My New Project
Are you wondering what I’ve been working on that has made me want to talk about this? Well, I’ve been beavering away on a brand new project, a middle grade children’s book. Like many writers trying out a new format for the first time, it’s not always easy. I’ve had wonderful advice and writing support along the way but then just as soon as you finish the first draft, which for me is always at least three drafts in, you realise this is the first time you’ve written anything for children. How on earth can you be sure it is doing what you hoped it would.
So I’m feeling really positive because my call for help was answered – and in spades. Yes there was some positive feedback but the reality is I need to rewrite. It’s not all bad but it demonstrates how, in this instance, I really needed some great advice. My idea is strong and most of the characters too, but the nagging doubt I had has been confirmed: something is missing and if I am to succeed I must find it and add it into the mix.
I can’t wait.
Thank you for your honesty and I know you are waiting to read the next draft. I won’t let you down.
Sometimes the best thing we can do is ask for help and be open to criticism.
Sometimes, an idea for a new piece of writing comes easily. It is not always the case.
More often than not, ideas can take years to work their way through the rounds of denial, rejection and simple unfathomable doubt.
I started out writing for the theatre and to me it always seemed straightforward to say I am writing a play. Now I’m not so sure because it could be a book or a film or even a play for the radio. Of course now it could be a podcast, a game or a web series.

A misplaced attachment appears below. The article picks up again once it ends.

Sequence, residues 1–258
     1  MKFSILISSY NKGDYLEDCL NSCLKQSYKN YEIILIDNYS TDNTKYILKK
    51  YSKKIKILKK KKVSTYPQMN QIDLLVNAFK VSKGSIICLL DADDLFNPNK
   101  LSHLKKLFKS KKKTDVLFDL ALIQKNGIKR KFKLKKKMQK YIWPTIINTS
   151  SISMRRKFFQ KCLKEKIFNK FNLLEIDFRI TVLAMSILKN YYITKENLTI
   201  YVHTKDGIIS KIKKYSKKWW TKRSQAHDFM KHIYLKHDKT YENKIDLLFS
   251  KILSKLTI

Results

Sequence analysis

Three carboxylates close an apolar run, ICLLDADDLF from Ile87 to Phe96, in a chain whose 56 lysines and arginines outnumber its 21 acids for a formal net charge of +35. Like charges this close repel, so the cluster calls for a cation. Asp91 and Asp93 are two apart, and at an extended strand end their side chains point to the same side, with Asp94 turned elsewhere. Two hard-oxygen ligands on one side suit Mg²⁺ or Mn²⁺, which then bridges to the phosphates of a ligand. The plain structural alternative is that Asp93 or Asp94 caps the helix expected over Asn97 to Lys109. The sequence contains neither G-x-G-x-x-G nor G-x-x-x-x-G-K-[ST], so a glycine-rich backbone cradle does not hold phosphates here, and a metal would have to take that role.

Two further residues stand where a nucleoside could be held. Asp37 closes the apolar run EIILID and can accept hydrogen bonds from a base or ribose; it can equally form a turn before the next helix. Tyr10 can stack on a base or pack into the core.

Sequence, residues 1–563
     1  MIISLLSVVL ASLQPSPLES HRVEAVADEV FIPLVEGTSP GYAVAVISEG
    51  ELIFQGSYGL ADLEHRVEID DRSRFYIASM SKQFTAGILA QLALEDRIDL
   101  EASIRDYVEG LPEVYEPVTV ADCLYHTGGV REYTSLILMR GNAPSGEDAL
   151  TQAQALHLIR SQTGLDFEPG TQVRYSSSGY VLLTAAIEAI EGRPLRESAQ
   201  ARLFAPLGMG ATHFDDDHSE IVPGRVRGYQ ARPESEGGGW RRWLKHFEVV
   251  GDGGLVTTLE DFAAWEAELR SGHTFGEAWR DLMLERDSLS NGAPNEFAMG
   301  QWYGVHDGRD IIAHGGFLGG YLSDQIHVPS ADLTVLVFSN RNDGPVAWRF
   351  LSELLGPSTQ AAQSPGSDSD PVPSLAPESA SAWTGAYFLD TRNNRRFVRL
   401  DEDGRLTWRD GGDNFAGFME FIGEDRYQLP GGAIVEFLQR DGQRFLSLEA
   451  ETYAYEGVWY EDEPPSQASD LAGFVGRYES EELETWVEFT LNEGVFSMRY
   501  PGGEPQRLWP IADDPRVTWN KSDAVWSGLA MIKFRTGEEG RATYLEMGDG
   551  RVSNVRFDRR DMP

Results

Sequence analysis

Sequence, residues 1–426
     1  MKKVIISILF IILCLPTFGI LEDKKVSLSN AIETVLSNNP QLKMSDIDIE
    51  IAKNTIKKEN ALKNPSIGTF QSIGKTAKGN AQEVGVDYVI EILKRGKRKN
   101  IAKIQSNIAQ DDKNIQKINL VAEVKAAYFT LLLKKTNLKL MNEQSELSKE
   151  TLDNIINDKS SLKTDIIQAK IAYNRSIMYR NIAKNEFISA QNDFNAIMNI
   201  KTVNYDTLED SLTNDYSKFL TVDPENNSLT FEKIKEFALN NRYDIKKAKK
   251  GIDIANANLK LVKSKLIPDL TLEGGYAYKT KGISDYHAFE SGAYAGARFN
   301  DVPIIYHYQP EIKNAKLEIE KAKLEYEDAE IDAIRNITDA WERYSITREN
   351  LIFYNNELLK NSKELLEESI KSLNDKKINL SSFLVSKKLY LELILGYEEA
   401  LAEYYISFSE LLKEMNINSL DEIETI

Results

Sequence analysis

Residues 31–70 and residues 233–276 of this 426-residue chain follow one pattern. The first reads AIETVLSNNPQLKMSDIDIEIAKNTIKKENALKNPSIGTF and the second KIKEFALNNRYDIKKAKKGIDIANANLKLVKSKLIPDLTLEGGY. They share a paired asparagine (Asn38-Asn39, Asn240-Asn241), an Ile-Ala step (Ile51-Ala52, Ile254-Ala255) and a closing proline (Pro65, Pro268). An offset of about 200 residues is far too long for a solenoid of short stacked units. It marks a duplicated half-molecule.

I tend to be on the move a lot. It’s critical for me to access really good wi-fi. A cafe, such as Fika in Hastings is perfect for writing, great coffee and a reasonably quiet space to work. But it doesn’t have to be as quiet as an exam room or public library, especially if my writing is re-writing. I do like a bit of hub-hub and sometimes music. I like listening to classical or jazz but occasionally, that’s not right for what I’m working on. So, I will listen to the Clash, the Jam or PJ Harvey or a new band from Brighton called grasshopper. Or perhaps I will seek the company of someone like, Emily Barker, whose music has a really cinematic quality, which is obvious when you think why the theme for the BBC version of Wallander is so loved.
The Blank Page
Ah, yes, the blank page.
This is sometimes the easiest and sometimes the hardest place to be starting. If you’ve literally not got anything to work with, should you be looking at this page? You could, as I do, start a process of speed writing, or think of a character you’ve not met before and start there. It becomes easier, as you accumulate some notes and some images. What do I really want to write about? Who do I want to write for?